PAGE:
We recently had the pleasure of catching up with much-loved Melbourne celebrant and TV personality Mike Larkan to chat about all things wedding ceremonies. Keep reading to discover Mike’s top tips for picking the right celebrant and crafting the perfect ceremony.
Channel Ten weatherman Mike Larkan is no stranger to weddings; he’s officiated hundreds of wonderful ceremonies over the years. Engaging and down-to-earth, Mike is comfortable in front of crowds and is a word-savvy writer who will work closely with you to craft the perfect bespoke ceremony for you.
Easy Weddings: Hi Mike! Can you tell us a little bit about your celebrancy style and why you love being a celebrant?
As a celebrant, I always focus on being engaging and personable by bringing an element of fun to each ceremony I officiate while including guests in the service. I have a journalistic background and thoroughly enjoy writing personalised ceremony scripts for every couple I work with, weaving unique elements of their love story into the ceremony.
The couple’s wedding day should certainly be the best day of their lives, and I believe a celebrant can make or break the day. My objective for each couple is always for them to enjoy the best wedding ever.
What sets you apart from other celebrants?
I am very conscious of ensuring that it never looks like I’ve just turned up on the day and it’s just another wedding, but I actually know and care about the couple — and I am there for them in every way. Also, I include guests in the ceremony, so they don’t feel like they are watching a wedding but feel like they are part of it.
I’m often told that 30-minute ceremonies I officiate feel like 10 or 15 minutes because they are fun, funny, romantic, uplifting, and never boring. I’ve never been in a situation where guests want to go and get a drink during the ceremony! I often introduce photographers and videographers plus any other suppliers there — and I charge more than the average celebrant because what I provide is more than an average wedding — or so I’m told!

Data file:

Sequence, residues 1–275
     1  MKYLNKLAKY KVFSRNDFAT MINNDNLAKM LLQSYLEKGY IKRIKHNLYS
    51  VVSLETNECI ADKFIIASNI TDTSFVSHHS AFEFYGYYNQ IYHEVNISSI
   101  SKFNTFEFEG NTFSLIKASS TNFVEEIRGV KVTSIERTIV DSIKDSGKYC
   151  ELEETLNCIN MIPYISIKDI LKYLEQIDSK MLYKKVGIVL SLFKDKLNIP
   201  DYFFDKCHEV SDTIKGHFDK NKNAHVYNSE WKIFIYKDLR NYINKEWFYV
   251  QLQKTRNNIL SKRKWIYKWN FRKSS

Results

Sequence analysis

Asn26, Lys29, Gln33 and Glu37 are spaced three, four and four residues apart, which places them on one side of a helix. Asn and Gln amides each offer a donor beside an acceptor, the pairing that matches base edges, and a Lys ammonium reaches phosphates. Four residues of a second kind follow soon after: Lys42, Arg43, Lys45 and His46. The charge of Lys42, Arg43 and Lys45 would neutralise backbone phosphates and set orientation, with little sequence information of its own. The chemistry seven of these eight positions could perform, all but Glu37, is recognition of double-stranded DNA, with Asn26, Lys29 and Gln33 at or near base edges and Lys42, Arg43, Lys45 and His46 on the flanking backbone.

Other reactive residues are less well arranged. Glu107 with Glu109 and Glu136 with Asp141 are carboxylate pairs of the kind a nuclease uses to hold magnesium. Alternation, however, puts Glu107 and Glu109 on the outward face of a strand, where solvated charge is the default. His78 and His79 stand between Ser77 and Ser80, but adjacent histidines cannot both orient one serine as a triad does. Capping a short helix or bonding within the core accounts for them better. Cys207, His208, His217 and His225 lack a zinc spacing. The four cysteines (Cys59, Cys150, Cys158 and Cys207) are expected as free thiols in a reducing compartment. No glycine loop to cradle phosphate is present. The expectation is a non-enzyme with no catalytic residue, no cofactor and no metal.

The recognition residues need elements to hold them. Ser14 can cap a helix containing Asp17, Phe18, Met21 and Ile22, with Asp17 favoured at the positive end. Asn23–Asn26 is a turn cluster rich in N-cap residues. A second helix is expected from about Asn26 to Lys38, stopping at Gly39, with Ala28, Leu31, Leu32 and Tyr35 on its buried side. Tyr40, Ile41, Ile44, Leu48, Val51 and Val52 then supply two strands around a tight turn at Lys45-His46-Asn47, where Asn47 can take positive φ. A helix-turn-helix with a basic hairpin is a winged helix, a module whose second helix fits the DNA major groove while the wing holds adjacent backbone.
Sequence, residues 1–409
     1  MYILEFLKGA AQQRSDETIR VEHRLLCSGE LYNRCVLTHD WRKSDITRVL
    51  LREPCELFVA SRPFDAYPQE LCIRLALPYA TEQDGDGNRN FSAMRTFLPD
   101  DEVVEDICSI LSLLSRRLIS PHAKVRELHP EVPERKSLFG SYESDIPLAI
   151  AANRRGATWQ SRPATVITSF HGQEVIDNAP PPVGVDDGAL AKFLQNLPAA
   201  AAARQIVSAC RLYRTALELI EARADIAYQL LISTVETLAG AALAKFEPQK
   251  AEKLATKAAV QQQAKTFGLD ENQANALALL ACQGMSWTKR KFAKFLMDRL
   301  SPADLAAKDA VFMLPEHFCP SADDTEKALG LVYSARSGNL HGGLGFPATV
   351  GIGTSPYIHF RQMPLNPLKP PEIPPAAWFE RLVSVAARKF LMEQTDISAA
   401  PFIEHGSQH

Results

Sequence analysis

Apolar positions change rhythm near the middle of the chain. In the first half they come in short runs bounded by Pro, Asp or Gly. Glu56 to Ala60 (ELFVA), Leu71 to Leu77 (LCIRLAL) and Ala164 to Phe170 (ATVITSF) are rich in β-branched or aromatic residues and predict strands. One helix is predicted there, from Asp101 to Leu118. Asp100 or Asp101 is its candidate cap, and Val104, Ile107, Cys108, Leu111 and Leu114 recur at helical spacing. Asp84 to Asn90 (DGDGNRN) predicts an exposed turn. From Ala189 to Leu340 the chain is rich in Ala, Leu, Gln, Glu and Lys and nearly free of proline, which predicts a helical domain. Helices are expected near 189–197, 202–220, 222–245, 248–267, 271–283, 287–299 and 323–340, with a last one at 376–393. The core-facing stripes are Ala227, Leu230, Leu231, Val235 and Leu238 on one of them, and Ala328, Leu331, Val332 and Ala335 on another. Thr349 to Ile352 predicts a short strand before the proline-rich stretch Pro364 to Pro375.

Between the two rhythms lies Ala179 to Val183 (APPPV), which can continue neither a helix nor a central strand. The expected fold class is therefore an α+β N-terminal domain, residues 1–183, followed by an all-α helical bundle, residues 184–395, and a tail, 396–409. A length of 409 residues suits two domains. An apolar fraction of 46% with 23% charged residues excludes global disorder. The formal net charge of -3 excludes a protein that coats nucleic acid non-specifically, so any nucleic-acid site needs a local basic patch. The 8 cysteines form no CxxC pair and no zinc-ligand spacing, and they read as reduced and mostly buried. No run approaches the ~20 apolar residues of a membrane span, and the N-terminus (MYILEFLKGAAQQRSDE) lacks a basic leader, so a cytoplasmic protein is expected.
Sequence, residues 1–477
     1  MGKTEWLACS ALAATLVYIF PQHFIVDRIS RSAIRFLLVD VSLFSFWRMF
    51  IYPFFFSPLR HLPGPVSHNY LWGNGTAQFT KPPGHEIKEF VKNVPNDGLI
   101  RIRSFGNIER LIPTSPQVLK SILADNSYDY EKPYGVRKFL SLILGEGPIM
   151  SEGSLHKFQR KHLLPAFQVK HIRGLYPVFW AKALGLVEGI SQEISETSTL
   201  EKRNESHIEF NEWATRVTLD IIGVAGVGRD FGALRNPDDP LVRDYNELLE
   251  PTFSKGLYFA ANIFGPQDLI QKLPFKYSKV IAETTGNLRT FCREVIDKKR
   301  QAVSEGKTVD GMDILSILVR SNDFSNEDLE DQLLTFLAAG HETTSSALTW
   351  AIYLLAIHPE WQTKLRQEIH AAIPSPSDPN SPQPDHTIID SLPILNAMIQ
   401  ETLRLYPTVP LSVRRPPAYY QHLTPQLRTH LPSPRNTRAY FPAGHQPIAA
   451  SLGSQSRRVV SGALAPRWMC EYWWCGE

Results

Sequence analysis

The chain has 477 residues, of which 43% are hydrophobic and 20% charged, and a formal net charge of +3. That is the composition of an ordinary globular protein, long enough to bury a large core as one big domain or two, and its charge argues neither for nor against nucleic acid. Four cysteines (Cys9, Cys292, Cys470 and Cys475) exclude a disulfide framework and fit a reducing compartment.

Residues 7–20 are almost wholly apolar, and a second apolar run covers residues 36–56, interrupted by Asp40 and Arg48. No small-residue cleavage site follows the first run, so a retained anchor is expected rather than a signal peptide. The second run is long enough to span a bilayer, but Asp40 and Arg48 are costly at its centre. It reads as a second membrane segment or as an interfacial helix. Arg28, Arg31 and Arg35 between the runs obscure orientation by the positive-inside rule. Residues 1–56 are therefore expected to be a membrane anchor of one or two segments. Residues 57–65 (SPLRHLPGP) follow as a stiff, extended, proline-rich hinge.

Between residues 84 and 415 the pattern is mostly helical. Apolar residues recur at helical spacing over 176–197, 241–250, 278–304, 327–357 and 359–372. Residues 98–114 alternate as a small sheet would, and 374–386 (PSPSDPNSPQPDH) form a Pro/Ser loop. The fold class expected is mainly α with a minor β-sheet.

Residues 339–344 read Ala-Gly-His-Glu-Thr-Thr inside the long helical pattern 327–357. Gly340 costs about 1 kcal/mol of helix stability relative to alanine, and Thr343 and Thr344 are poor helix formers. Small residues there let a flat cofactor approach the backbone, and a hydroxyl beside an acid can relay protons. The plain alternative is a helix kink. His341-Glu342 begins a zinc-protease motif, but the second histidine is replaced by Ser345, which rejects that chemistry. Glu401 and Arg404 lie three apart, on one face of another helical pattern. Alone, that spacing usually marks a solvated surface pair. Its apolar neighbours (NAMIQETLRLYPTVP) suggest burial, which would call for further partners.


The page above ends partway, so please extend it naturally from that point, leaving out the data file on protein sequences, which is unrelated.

What should couples consider when searching for their celebrant?
Having spent a bit of time on the wedding scene, I would advise couples to choose a celebrant who is well-informed and honest. Find someone you are comfortable with, someone who can write a poignant and personalised ceremony, someone who will complement you as a couple — not compete with you, and someone who has a great sound system!
What do you think are the key ingredients for a memorable ceremony?
A key ingredient for a memorable wedding starts with the first meeting with the couple and then the writing of the ceremony that best reflects the couple, not just a cut and paste. I always ask things like how they met, what they love about each other, and what style of vows they prefer — whether that be serious, romantic, and/or funny etc.
Another critical element is family involvement, which I always discuss with my couples. Would they like to acknowledge their parents? Do they want to pay tribute to any relatives who have passed? Should any family or friends be invited up for readings?
I also ask couples if they would like to include a religious element in their ceremony, either for themselves or for their families. And of course, remember to include customs if need be.
How do you prepare for a wedding as a celebrant?
I usually finish writing the ceremony script (between 10-15 A4 pages) a month or so before the wedding day. I then email the script to the couple and suggest they return it with any changes in red to ensure I see them and then email back the updated script. Some couples make no changes, and others make dozens — it doesn’t matter; it’s their wedding!
The week of their wedding, I again send couples the ceremony in case there are last-minute changes or updates. I also ask for the name of the band/DJ and the person they are dealing with at their wedding venue, and I contact them to liaise about the flow of the day and any other important details.
A few days before the big day, I phone the couple to check in and see how they’re going. On the day itself, I’ll send them a text wishing them well with a lovely romantic verse and a brief weather forecast (many couples know me as the Channel 10 weatherman of 25 years).
What does the wedding day look like for you?
I usually arrive around 30 minutes or so before the ceremony. After performing a 30-minute ceremony, I’ll let guests know what is happening next — whether that’s photos, canapés and refreshments etc. I often stick around to MC at the reception, which involves keeping everything on track and informing guests about what’s happening with speeches and dinner.